This project aims to identify the attributes that characterise species in demand. For this, an interdisciplinary suite of research methods would be required in order to predict those species that are likely to be in demand and therefore potentially threatened in the future. The wildlife trade involves a diverse range of markets including fisheries, timber, medicines, foods, horticulture and exotic pets. This studentship should primarily focus upon the trade in live animals and plants for the exotic pet and horticultural trades. However, it could consider factors such as the direct economic impact of this industry, the attitudes and beliefs surrounding illegal trade and/or the implications for development and international co-operation.
You are welcome to contact Mike Brock (Michael.Brock@uea.ac.uk) to hear more about the topic or discuss.
PhD Studentship in Economics of Culture
The Environment, Resources, and Conflict Group at the School of Economics in the University of East Anglia welcomes applications for PhD studentships with a focus on the economics of culture. PhD topics could be in the areas of quantitative textual analysis, culturomics, empirical or experimental approaches to cultural differences and cultural tensions, economic history, or other related fields.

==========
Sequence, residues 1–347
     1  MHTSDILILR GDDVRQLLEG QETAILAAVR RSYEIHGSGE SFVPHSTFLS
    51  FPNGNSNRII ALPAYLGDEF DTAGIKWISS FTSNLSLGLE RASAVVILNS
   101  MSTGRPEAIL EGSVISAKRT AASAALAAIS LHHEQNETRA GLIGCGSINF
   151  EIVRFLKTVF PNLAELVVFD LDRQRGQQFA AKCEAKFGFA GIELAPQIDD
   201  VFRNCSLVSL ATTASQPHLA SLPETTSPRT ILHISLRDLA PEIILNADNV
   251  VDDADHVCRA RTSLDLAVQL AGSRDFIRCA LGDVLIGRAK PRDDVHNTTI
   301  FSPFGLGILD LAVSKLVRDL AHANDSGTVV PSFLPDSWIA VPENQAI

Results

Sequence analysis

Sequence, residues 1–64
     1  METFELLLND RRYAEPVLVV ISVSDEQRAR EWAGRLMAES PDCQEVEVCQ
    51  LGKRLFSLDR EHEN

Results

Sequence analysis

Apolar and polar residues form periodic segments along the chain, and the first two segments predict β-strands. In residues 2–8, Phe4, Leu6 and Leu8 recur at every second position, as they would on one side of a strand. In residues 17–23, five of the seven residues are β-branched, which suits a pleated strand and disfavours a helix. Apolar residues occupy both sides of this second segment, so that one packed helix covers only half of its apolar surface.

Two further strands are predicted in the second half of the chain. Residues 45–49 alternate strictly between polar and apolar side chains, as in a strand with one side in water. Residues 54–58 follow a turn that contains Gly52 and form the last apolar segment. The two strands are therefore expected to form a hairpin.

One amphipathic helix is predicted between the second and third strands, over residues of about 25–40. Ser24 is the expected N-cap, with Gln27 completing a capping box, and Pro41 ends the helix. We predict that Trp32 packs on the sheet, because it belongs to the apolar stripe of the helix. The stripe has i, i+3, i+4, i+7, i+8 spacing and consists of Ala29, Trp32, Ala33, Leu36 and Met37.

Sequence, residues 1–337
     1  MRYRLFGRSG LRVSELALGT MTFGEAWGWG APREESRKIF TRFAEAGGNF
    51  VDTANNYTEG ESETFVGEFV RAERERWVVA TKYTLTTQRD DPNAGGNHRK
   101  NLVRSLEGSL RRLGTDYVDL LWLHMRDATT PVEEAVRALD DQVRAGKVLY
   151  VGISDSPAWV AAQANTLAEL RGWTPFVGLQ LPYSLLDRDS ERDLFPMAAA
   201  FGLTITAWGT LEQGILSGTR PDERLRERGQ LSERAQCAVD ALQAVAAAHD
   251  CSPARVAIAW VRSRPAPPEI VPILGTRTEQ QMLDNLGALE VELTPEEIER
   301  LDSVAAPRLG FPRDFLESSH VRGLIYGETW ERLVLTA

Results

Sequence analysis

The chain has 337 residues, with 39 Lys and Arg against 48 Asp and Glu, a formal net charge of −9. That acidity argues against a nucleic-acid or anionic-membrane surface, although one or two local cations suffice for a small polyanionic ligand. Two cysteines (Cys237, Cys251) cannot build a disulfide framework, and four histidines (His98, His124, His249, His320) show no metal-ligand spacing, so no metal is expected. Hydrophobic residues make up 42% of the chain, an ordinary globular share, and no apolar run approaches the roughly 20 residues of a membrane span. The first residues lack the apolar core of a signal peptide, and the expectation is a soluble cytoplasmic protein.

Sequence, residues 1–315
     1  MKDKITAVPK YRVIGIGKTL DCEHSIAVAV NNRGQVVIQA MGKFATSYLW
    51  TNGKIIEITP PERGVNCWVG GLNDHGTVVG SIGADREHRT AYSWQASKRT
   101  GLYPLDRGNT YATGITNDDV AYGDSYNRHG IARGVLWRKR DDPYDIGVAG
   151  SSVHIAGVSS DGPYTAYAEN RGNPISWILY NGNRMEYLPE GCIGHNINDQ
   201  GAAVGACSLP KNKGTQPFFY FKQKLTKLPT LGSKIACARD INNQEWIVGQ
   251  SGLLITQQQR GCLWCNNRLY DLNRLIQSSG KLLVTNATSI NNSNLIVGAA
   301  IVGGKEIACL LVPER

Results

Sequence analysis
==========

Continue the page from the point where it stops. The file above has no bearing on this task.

The School has recently formed a partnership with the Norwich Business School and School of Computing Science to support research in big data and computational methods in social sciences.
PhD Studentship in Conflict and Refugee Pathways
There is ongoing debate on what type of migration is justifiable from the point of view of countries of destination, with distinctions being drawn between ‘genuine refugees’ fleeing conflict and economic migrants aiming primarily for European destinations. Yet, less is known about how individuals genuinely fleeing conflict shape their choice of destination once they have set out on a lengthy journey. Their pathway often involves the crossing of numerous borders until requesting asylum in specific destinations. Arguably, there are changing expectations and priorities shaped along the migrant route, by both the local conditions encountered on the way and the groups and networks built during migration. One factor in the long trajectory of refugee flows is certainly security and access to asylum, but economic opportunities and constraints further add to the decision of settlement in alternative destinations.